2 Gardena Police Officers Charged With Illegally Selling Guns Through Instagram

A federal grand jury has charged two police officers in Gardena, alleging they unlawfully dealt firearms through an Instagram account, officials said Monday.

A police SUV is seen outside the Gardena Police Department headquarters on March 26, 2018. (Credit: KTLA)

A police SUV is seen outside the Gardena Police Department headquarters on March 26, 2018. (Credit: KTLA)

The scheme involved an account run by Carlos Miguel Fernandez, 42, through which both he and Edward Yasushiro Arao, 47, resold guns not available to the general public, and did so without a license, the U.S. Attorney’s Office for the Central District of California said in a new release. A five-count indictment detailing the accusations was unsealed Friday, officials said.

Both men have been employed with Gardena police for 17 years and were placed on administrative leave once the charges were announced, the department confirmed.

Using the Instagram handle “the38superman,” Fernandez and Arao conspired to sell around 100 firearms, mainly Colt .38-caliber pistols, federal investigators said.

Fernandez is accused of running the Instagram page and largely using it to advertise the guns being put up for sale by himself, Arao and others. The pair also used the account to negotiate the prices and terms of the deals and receive payments, according to the indictment.

Arao was CEO of a company that held a federal firearms license called Ronin Tactical Group, but neither he nor Fernandez was licensed to deal guns when the sales alleged in the indictment took place, officials said. In addition to using the Instagram account, both allegedly unlawfully marketed at gun shows as well.

Arao is accused of obtaining the guns by transferring “off-roster” inventory from Ronin Tactical Group to himself, while Fernandez allegedly sold dozens of “off-roster” firearms through private-party transfers. “Off-roster” guns are those that can be legally bought by law enforcement officers but are not available to the general public.

The indictment was unsealed after others who purchased weapons from the officers were charged in the case. Salinas residents Oscar Morales Camacho Sr., 63, and his 34-year-old son Oscar Maravilla Camacho Jr. stand accused of participating in a “straw purchase” transaction to buy a firearm through Fernandez.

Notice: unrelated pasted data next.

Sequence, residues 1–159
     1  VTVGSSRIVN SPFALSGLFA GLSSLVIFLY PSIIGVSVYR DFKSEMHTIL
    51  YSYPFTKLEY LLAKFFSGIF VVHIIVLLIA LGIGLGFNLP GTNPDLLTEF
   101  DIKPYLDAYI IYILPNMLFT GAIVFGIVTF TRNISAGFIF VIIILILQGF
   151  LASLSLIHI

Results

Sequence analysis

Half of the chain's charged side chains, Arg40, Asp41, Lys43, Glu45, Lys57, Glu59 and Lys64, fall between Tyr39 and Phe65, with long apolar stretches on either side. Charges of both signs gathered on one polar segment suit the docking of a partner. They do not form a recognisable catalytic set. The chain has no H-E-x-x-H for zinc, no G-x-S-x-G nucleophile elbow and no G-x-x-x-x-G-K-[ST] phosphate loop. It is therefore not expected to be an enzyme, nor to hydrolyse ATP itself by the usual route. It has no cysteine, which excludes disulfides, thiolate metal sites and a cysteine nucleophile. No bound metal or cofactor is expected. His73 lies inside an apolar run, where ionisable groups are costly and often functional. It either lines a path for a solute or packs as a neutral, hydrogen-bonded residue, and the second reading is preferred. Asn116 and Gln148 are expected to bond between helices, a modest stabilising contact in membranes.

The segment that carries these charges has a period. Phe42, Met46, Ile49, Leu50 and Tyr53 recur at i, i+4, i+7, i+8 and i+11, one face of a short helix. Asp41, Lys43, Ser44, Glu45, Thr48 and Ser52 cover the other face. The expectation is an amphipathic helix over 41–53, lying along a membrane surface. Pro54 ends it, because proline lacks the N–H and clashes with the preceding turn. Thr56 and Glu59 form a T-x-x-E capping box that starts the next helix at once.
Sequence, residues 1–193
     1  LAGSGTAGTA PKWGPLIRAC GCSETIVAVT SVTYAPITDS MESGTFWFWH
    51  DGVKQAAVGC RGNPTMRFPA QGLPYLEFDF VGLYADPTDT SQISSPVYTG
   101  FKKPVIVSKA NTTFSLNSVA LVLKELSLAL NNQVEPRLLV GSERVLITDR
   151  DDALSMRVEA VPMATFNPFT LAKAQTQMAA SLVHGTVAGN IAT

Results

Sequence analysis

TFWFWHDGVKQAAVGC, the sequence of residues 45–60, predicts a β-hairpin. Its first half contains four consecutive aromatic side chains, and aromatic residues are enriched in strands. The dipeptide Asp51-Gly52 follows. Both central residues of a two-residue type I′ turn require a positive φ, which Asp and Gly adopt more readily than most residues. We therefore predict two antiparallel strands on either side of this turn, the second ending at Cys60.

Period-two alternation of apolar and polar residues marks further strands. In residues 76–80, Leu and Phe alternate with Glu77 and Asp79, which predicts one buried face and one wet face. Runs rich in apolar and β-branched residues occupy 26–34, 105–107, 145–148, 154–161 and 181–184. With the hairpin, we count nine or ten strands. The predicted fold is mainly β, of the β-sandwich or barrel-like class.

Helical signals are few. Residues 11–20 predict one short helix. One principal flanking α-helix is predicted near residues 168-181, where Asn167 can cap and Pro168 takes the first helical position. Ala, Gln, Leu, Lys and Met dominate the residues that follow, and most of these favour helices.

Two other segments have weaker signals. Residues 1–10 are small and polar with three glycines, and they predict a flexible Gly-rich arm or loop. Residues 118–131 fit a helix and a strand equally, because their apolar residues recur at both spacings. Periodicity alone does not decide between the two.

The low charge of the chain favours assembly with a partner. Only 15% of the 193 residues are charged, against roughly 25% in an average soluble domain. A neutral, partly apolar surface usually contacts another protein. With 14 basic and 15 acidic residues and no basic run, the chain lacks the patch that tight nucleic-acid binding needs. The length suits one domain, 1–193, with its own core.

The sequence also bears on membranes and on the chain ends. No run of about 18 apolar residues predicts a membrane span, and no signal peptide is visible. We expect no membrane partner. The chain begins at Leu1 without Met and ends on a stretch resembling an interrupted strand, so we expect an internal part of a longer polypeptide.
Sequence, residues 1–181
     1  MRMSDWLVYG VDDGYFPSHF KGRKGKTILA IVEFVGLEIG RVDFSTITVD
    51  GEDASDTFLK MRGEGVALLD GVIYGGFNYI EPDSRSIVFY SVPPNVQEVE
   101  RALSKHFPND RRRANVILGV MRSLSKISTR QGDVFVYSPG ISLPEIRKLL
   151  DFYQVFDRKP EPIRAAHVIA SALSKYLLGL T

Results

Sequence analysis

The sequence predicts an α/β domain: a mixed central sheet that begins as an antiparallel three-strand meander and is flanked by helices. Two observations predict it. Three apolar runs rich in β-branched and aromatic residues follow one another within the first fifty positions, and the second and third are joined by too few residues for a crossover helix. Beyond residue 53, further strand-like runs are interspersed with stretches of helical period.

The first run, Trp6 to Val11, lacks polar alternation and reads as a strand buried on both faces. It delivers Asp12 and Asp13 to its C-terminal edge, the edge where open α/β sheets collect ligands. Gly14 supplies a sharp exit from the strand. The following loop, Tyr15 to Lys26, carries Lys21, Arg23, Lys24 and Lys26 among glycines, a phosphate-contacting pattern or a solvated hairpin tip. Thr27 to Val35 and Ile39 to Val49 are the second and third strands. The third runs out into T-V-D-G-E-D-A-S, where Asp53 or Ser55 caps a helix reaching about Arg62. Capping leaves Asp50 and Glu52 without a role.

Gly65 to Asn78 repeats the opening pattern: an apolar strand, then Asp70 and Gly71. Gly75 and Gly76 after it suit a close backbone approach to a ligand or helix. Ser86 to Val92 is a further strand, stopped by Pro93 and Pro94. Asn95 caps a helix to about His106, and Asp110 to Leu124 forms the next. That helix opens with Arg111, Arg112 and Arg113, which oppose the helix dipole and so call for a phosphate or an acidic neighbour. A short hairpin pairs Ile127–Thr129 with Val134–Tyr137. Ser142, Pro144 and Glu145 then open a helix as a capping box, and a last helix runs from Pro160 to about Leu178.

The elder Camacho falsely said he was buying a gun from himself, when really he was buying it for his son, who has a criminal conviction prohibiting him from owning a gun, investigators said. According to the indictment, Fernandez “well knew” that the gun was for Camacho Jr.

Both Camachos have pleaded not guilty to their charges and are expected to stand trial on May 31, officials said.

The officers were involved in at least one other “straw purchase,” the indictment alleges. Bianca Elizabeth Ibarria, a 23-year-old resident of South Los Angeles, allegedly bought two guns for her boyfriend, 24-year-old Adalberto de Jesus Vasquez Pelayo Jr., and both have been charged with making a false statement in a federal firearm licensee’s records during a transaction. The couple is expected to be arraigned April 3.

Fernandez and Arao are also expected to stand for arraignment on April 3.

If convicted as charged, Norwalk resident Fernandez could face a maximum of 15 years in federal prison, while Arao, of Eastvale, could face up to 10 years, officials said.

The Bureau of Alcohol, Tobacco, Firearms and Explosives has been leading the investigation, and the Gardena Police Department is fully cooperating, the DOJ said.

Gardena Police Chief Edward Medrano issued a statement Monday, saying he is “deeply concerned” by the allegations.

“This type of conduct is inconsistent with our organizational values and the ethics of our profession and will not be tolerated by the Gardena Police Department,” Medrano said. “We are cooperating fully with the ATF.”

The ATF has previously warned Southern California police chiefs that illegal firearm sales are an “emerging problem” for officers, the Los Angeles Times reported.